In what frame of mind were you
to allow that dear lady to hoard such things?
Carefully chosen newspaper cuttings
of seemingly useless meaning,
A table tennis bat, worn, well used,
a mould covered envelope neatly folded
containing a printed invitation to a garden party
which she, apparently, refused.
A few select friends’ correspondence.
A handwritten letter apologising,
for some forgotten favour.
Your leather bound strong exterior
has protected this curious collection for ages,
why now do you reveal yourself?
I opened you up so easily, your lock
gave no resistance, no holding back.
Your lid swung open
the years fell out,
dusty and musty and damp.
The earliest date on your treasures I see
is nineteen fifty-eight.
After all that time she left you
in the shed at the top of the garden,
on a path too steep for her to climb
in the years that led to her leaving.
Yet you remained hidden and silent
as the brambles grew up around you
and the ivy bound you
to some untold secrecy
that you, or she, or speculation
will never now reveal.
I’m a Notice Sheet failure! by Phil Gregg
Look! Everyone but me has a Notice Sheet!
I’m really not sure when I started noticing the Notices on the Notice Sheet were escaping my notice. They say to me, “It was a Notice on the Notices”, but the noticeability of the Notices on the Notices seems to have grown noticeably less noticeable of late. In fact so unnoticeable that you’ll have noticed I noted I didn’t even notice when I stopped noticing the Notices.
And now I notice that I’m suffering the consequences of the lack of noticeability of the Notices. There are things I notice happening which I notice I should have noticed earlier, but now I notice only when it’s too late.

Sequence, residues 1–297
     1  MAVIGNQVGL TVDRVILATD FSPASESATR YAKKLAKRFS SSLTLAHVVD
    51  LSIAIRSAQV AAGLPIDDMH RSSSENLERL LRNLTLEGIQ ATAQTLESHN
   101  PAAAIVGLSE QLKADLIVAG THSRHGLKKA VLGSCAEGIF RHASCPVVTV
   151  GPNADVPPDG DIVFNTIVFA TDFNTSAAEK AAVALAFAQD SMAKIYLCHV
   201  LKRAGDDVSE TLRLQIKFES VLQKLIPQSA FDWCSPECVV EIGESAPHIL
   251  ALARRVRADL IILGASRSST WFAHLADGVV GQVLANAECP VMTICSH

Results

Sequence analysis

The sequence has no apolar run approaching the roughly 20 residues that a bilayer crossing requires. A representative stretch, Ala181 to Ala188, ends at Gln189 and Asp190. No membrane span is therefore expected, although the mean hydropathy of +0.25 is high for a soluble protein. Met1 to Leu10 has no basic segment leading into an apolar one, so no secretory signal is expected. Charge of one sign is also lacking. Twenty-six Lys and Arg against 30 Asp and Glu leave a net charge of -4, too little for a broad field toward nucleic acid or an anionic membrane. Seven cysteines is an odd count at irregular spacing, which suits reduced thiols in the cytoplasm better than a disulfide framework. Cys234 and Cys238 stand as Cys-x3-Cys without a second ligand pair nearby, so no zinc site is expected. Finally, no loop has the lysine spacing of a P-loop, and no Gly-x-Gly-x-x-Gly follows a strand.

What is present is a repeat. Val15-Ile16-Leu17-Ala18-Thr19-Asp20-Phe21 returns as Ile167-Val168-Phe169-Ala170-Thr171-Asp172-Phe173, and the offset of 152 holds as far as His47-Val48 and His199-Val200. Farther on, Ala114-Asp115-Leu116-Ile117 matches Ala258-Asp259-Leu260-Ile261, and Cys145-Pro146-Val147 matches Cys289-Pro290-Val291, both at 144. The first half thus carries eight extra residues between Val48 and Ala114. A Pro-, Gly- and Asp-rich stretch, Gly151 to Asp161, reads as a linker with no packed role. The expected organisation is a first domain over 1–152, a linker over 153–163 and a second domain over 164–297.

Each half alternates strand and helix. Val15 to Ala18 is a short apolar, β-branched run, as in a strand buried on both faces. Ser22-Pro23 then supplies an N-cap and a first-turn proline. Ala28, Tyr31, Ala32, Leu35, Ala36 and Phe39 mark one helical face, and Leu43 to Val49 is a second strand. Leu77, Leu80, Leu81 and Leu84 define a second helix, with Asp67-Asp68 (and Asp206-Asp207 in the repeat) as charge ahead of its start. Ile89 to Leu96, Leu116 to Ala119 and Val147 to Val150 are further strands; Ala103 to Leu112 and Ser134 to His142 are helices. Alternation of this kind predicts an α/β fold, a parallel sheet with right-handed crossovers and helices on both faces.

If only the Notices were easier to notice! Then I could make some notes about the noteworthy notices.
Maybe whoever gives us the Notices should give us more notice they are going to give us the Notices, because often, the Notice-giver doesn’t even notify us they are going to give us the Notices. The Notices are sprung on us entirely without notification and I don’t even notice because I’m still noticing what I was noticing before the Notices, and what I need to notice after the Notices.
So the Notices on the Notice Sheet whizz by…
Le Tour Eiffel by Simon Parker
I know the Eiffel Tower is an inanimate object, yet this magnificent latticework of wrought iron has a powerful hold over me. The first time I saw the tower for real in 1994, and walked up to and touched the intricate ironwork, I was transported back to an earlier time in my mind. A time I was never a part of and one that I have no personal frame of reference for. A turbulent but vivacious time for France, which people who were there talk about in hushed tones: the student protests of 1968.
Aurelie and I are lovers. I am 21, she is 19. We meet at a protest rally in Bordeaux over Easter weekend, as we choose the same shop doorway to escape the worst from the water cannon. We emerge, wet and bedraggled and form an instant bond, strengthened by learning that we both attend the same university in Paris. We hitch back to the city that evening in a Belgian truck, huddled together for warmth under an oil-stained blanket provided by the kind, old driver. We spend that night together in my top floor flat off the Place St. Sulpice. She goes back to her student residence in St. Germain only once after that, to collect her books and belongings.
We are inseparable for the next four years. We roam the city by day and night on my Vespa, meeting with other student groups, planning how to topple the three insidious evils of capitalism, consumerism and American imperialism.
It’s absolute fiction of course, but whenever I see the tower, I wonder what other adventures we could have had in that ephemeral time. I still keep a Vespa in my small fleet of vehicles. Would anyone like to go for a ride?